Your disability benefits can be affected by you going back to work.
The way it is affected depends on if you are receiving Social Security Disability Insurance (SSDI) or Supplemental Security Income (SSI).
Trial Work Period (SSDI)
If you are collecting Social Security Disability Insurance (SSDI) benefits and you want to try and return to work, the Social Security Administration has a “Trial Work Period” program. The Trial Work Period is designed to encourage individuals who are receiving SSDI benefits to try and return to work. While doing a trial work period, you are allowed to work and earn money that exceeds the SGA amount and still collect your full SSDI benefits. The Social Security Administration does not consider employment during the trial work period as showing that the disability has ended until work has been performed in at least 9 months (not necessarily consecutive) in a rolling 60-month period. In 2010, any month in which earnings exceed $720 is considered a month of services for an individual’s trial work period. This amount changes every year.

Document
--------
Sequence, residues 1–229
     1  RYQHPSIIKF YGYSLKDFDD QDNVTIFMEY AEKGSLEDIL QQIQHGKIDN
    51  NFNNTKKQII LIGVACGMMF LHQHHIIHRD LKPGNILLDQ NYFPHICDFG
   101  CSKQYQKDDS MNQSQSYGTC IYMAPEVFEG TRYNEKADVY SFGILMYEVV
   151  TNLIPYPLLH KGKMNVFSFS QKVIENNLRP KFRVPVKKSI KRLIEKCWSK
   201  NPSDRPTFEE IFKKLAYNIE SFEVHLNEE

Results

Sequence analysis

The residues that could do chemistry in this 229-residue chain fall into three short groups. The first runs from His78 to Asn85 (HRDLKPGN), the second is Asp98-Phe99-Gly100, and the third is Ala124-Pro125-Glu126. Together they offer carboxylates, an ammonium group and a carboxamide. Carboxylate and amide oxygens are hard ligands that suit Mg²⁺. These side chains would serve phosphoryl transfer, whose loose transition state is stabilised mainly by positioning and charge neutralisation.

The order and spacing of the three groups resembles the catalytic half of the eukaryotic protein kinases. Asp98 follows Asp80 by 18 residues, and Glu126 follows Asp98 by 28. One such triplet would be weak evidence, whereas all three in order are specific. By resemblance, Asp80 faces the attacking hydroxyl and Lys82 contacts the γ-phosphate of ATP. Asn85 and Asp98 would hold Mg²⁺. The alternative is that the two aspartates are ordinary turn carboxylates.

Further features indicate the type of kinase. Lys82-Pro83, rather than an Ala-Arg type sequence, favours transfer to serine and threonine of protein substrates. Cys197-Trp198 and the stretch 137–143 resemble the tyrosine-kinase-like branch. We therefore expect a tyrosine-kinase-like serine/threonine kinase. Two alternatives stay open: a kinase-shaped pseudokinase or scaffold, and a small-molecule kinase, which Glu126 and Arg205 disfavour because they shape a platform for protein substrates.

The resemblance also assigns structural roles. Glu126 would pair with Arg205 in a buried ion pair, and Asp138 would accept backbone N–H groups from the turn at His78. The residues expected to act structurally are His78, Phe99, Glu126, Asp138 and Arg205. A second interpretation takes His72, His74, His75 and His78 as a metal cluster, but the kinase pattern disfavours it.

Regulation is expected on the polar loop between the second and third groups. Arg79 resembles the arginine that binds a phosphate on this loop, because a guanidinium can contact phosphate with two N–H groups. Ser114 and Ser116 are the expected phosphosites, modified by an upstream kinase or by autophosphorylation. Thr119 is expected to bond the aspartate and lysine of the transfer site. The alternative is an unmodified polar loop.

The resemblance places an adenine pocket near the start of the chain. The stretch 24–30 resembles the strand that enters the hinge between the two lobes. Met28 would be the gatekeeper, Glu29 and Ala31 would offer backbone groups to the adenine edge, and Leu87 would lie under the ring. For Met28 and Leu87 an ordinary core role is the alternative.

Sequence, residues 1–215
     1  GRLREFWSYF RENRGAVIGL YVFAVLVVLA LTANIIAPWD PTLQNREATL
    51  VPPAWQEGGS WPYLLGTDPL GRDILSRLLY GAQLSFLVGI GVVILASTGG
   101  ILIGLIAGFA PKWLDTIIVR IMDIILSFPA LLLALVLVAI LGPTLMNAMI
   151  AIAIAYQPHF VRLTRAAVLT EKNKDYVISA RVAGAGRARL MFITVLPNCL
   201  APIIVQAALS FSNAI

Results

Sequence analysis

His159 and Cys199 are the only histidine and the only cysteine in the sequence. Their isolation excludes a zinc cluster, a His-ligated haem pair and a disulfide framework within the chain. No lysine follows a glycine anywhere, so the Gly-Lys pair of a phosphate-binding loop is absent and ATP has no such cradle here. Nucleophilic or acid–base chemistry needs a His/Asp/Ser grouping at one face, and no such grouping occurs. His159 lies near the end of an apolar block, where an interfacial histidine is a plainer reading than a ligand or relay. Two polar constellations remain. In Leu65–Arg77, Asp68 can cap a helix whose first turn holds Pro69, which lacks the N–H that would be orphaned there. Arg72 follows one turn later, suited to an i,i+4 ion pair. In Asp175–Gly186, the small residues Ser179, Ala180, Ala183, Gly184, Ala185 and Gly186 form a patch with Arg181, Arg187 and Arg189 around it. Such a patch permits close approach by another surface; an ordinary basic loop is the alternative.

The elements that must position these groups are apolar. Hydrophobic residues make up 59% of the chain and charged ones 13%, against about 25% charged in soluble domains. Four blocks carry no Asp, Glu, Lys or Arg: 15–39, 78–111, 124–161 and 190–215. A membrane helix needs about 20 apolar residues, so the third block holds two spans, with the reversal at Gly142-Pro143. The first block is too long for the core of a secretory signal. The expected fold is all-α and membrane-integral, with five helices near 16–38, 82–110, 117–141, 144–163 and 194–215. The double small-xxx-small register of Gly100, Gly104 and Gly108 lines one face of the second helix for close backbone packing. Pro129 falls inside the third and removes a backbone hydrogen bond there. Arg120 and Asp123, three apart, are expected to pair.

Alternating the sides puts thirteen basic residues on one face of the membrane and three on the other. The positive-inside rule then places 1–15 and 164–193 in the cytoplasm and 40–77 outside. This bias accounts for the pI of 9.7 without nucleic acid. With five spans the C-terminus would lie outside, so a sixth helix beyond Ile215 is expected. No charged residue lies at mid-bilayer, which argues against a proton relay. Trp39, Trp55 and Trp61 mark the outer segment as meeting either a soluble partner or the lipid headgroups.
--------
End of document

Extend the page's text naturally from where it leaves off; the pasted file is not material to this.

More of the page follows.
SSI Payment Adjustments
The amount of your SSI payment is based on how much other income you have. When your other income goes up, your SSI payments usually go down. So when you earn more than the SSI limit, your payments will stop for those months. If your only income besides SSI is the money you make from employment, then the first $85 you earn in a month are not counted. Half of what you earn (after the $85 is deducted) is withheld from your SSI payment.
For example: if you earned $1000 from employment in a month (and that was your only earnings besides your SSI payment), $85 would be ignored and the remainder ($915) would be divided in half to determine the adjustment to your SSI payment. So, your next SSI payment would be reduced by $457.50.
Returning to Work
After you have been approved for disability benefits, if you go back to work and stop receiving your SSDI or SSI payments and at a later date, you become unable to work again because of your medical condition, you can ask social security to start your SSDI or SSI payments again. As long as it has been less than 5 years since your last SSDI or SSI payment, you will not have to file a new disability application.
If you have additional questions about SSDI and SSI, please contact our office at 866.587.9176 or fill out our Free Evaluation Form.